Education secretary Nicky Morgan has hailed free schools for “breaking the cycle of disadvantage” as the latest window for new proposals opens today.
Ms Morgan has reaffirmed the Conservative’s pre-election pledge to open 500 more free schools – equating to 270,000 more school places.
And she is calling on high performing schools, sponsors, charities, community groups and parents to put forward proposals and join her mission to “provide every child with a truly world class education”.
“Free schools are at the heart of the Government’s commitment to deliver real social justice by ensuring all pupils have access to a world class education,” Ms Morgan said.
“This is at the core of our commitment to govern as one nation – creating a country where everyone, regardless of their background, can achieve their high aspirations.”
She said half of the 254 free schools have opened in deprived areas “offering a fresh chance for families to break the cycle of disadvantage by providing a quality of schooling never been seen in many communities.”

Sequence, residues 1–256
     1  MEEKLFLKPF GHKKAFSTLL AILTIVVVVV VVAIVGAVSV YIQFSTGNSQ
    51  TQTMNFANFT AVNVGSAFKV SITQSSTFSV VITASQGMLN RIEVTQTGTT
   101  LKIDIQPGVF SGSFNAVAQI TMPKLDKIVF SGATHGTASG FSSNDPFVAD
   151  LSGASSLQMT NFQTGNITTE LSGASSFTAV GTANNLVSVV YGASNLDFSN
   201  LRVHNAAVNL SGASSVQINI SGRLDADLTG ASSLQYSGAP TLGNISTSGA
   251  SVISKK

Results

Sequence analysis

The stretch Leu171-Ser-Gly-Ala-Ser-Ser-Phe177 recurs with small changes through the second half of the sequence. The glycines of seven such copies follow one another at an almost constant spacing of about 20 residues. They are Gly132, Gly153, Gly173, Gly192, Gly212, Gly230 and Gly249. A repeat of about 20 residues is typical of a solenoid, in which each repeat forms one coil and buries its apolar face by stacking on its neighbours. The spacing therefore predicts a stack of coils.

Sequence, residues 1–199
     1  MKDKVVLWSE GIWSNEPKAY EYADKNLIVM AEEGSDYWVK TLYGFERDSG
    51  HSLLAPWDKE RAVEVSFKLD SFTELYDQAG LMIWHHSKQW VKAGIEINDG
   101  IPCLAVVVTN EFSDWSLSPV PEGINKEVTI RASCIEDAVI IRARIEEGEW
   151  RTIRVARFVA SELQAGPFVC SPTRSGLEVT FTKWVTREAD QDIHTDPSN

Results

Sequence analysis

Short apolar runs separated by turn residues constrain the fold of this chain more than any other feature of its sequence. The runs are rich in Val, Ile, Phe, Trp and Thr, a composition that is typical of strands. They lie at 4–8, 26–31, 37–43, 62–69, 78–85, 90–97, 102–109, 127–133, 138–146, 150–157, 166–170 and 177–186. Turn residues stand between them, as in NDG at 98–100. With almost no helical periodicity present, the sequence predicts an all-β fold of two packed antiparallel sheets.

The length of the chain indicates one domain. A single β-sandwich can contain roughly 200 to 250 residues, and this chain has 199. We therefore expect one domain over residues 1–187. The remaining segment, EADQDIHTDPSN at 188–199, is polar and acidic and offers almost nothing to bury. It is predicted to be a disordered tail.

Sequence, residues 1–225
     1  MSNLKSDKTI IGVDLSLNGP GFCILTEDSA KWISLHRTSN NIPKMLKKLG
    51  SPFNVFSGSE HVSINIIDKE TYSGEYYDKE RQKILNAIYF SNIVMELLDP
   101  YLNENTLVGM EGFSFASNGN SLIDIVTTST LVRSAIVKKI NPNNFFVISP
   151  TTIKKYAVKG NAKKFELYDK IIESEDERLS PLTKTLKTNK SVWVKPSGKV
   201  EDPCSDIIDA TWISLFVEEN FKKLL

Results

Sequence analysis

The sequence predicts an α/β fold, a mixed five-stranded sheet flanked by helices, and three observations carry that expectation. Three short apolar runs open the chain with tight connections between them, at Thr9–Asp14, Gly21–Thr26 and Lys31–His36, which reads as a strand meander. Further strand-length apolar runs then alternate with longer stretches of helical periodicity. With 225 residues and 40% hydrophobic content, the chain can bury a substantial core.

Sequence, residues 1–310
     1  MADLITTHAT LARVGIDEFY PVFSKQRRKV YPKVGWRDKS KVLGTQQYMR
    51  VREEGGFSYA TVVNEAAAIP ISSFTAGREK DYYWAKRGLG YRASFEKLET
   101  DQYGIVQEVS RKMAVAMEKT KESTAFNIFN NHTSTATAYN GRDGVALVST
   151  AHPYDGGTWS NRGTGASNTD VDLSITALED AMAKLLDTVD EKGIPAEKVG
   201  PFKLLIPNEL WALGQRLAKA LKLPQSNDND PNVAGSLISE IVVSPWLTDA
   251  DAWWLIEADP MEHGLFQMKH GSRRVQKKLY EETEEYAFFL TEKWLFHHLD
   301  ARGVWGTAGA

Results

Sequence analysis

She singled out Dixons Trinity Academy in Bradford and ARK Conway Primary Academy as examples – both Ofsted rated outstanding – adding: “These are the modern engines of social justice.
“Parents want the best for their kids, and where they are unhappy with the schools on offer locally the free school programme empowers them to demand more and establish new, high performing, community-led new schools.”
Schools Week reported yesterday only three Ofsted inspections into free schools were published in the run up to the election – compared to ten last year.
But more are now starting to appear and five have been published since the election – including two yesterday.
Three schools were graded as requires improvement – Parkfield School in Bournemouth, Reach School in Birmingham and St Mary Magdalene Academy: the Courtyard, in Islington.
Two have been rated as good – Heyford Park Free School in Oxfordshire and Cathedral Primary School in Bristol.
According to research by Free Schools Info 82 of the 254 open free schools have had Ofsted inspections.
Nearly half (49 per cent) have been rated good, 24 per cent rated requires improvement and 23 per cent outstanding.
Three free schools (4 per cent) have been graded as inadequate.
Labour leadership contender Liz Kendall also announced yesterday she supports free schools – in contrast to previous Labour policy.